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Montreal's Top Summer Festivals: 2018 Edition
Believe it or not, Montreal is high on energy every season, not just summer. Even the coldest days of winter don't stop Montreal's locals from dancing in the streets—but there's something unique about Montreal's hot and sticky summers. Thoroughfares close off to cars to make way for sidewalk sales and terraces. The entertainment district's Place des Festivals primes its 235 water jets for weeks of free concerts, events, and artistic manifestations. Parc Jean-Drapeau turns into a wonderland of music fests, picnics, and assorted frolicking. And some of Montreal's best summer events, as listed below, draw crowds in the millions.Continue to 2 of 28 below.
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Le Mondial de la Bière (Montreal Beer Festival)
It's technically still spring when Montreal's Mondial de la Bière rolls around the first or second week of June, but this event has the making of a summer prelude. It's a chance to sample hundreds of beers from around the world, try the latest in chocolate beer, pair a lager with a slab of kangaroo meat, or indulge in special brews made expressly for the festival. Pub crawls involving Montreal's hottest brewpubs are often part of the fun once the fest shuts down for the night.
When: Usually during the first half of JuneContinue to 3 of 28 below.
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Montreal International Fireworks Competition
The largest pyrotechnics competition of its kind in the world, the Montreal International Fireworks Competition has been going strong since 1985 and remains one of the city's top attractions, showering Montreal skies every Saturday evening (sometimes Wednesday evenings, too) throughout the summer.
When: Sometimes late June, all of July, sometimes AugustContinue to 4 of 28 below.
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Montreal Sidewalk Sales
What is it about the lure of summer sidewalk sales that gets some folks all giddy over them? Well, the sales don't hurt. And it is kind of fun to walk all over the street as if you own it while wolfing down cheap and yummy street food as you watch Montreal street dancers breakdance on their heads. You can also play chess on a jumbo board. Then there are the stilt walkers—you never know when you'll see one in Montreal.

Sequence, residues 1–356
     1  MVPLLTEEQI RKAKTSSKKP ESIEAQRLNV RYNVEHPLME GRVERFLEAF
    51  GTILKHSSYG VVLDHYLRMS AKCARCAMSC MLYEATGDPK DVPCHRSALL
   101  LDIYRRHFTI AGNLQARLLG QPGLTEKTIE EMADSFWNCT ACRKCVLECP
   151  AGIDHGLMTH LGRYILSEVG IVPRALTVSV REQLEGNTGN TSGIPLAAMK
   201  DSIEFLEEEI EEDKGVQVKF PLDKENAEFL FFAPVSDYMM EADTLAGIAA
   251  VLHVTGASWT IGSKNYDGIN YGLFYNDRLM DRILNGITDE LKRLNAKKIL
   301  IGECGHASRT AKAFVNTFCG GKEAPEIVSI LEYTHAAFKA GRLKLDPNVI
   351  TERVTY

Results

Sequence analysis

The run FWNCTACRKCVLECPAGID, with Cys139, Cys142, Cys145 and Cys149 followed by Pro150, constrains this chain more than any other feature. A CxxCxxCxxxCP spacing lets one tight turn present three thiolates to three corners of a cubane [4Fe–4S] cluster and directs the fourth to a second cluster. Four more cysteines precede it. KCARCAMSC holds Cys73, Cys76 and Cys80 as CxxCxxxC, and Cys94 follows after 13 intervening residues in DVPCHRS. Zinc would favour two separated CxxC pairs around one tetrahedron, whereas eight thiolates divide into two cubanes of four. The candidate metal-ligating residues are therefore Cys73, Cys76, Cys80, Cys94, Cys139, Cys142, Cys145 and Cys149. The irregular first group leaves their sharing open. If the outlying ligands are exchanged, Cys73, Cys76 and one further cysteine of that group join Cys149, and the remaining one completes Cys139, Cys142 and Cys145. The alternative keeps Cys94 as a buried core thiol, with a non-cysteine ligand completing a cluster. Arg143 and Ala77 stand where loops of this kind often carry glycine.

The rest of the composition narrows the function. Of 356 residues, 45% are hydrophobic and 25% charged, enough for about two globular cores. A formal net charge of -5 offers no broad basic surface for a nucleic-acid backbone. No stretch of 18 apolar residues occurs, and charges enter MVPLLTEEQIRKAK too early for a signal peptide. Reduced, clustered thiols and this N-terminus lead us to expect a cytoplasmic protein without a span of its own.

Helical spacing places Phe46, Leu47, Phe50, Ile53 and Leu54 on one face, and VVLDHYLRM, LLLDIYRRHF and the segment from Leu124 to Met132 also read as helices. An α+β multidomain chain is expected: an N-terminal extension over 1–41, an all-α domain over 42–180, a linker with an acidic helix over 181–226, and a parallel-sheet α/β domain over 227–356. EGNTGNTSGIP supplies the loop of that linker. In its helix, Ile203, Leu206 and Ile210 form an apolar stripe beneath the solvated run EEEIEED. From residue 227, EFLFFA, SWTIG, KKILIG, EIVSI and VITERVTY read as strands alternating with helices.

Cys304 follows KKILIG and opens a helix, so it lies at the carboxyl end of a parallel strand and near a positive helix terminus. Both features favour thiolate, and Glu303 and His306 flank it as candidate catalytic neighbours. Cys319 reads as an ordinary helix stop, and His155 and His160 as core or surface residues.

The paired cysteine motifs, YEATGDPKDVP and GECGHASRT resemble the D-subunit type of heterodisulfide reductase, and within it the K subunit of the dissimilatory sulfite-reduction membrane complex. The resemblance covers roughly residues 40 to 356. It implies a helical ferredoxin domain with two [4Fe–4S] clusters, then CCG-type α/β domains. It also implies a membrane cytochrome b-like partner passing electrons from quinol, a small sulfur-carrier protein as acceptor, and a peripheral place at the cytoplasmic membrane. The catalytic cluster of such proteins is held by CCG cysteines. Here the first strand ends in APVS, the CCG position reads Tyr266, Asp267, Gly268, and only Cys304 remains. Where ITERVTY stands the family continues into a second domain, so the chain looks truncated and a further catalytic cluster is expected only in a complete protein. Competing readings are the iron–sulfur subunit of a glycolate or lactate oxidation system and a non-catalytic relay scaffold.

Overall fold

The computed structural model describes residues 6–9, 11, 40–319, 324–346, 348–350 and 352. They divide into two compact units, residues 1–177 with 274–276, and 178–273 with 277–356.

When: June through OctoberContinue to 5 of 28 below.
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Ah yes. The mysticism of the hand drum dance in the park paired with Dark Age revivalists fighting to the death with foam swords. Like the stilts people who roam Montreal, no one is entirely sure why Montreal loves its Tam Tams so, but it does. And so it is.
When: Sundays from May through September, sometimes OctoberContinue to 6 of 28 below.
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Piknic Électronik is Montreal's nightclub in the day park. House, techno, progressive, and minimal round out the genres generally spun. Unusually family-friendly, too.
When: Most Sundays from May through September, sometimes OctoberContinue to 7 of 28 below.
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Grand Prix Weekend
Montreal goes absolutely nuts when Formula One racing rolls into town. But it's not everyone's cup of tea. Many locals hide at home that weekend to avoid puking from disgust over complaints of pollution, overt sexism, sexual exploitation, and the mindless excess that the event seems to encourage, whereas others cannot wait to dive headfirst into the madness, be it at associated street parties or exclusive invite-only affairs. Folks are so divided over the race, it's remarkable.
When: Usually early to mid-JuneContinue to 8 of 28 below.
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Montreal Fringe Festival
Expect anything to happen on stage at the Montreal Fringe Festival: the good, the bad, the outrageous—you name it, the Fringe Fest categorically refuses to censor it.
A performance art festival that believes anyone should be able to express creative urges in front of an audience if they so wish, the Fringe Fest selects its lineup via a judge-free lottery system that randomly awards applicants a spot on the roster—the ultimate democratic solution to bypassing casting-couch suckage and/or who-you-know politics for a chance to show the world what they can do. After all, it's luck of the draw. In turn, audience members are charged modest admission fees to ostensibly counter the risk factor inherent with the Fringe's unique hit-or-miss selection system. That chainsaw dance massacre you paid $10 to catch could very well be the performance art highlight of your entire summer. Or it could be 45 groan-worthy minutes of your life you'll never get back. But hey, if it's really that bad, make a beeline for the Fringe Fest beer tent.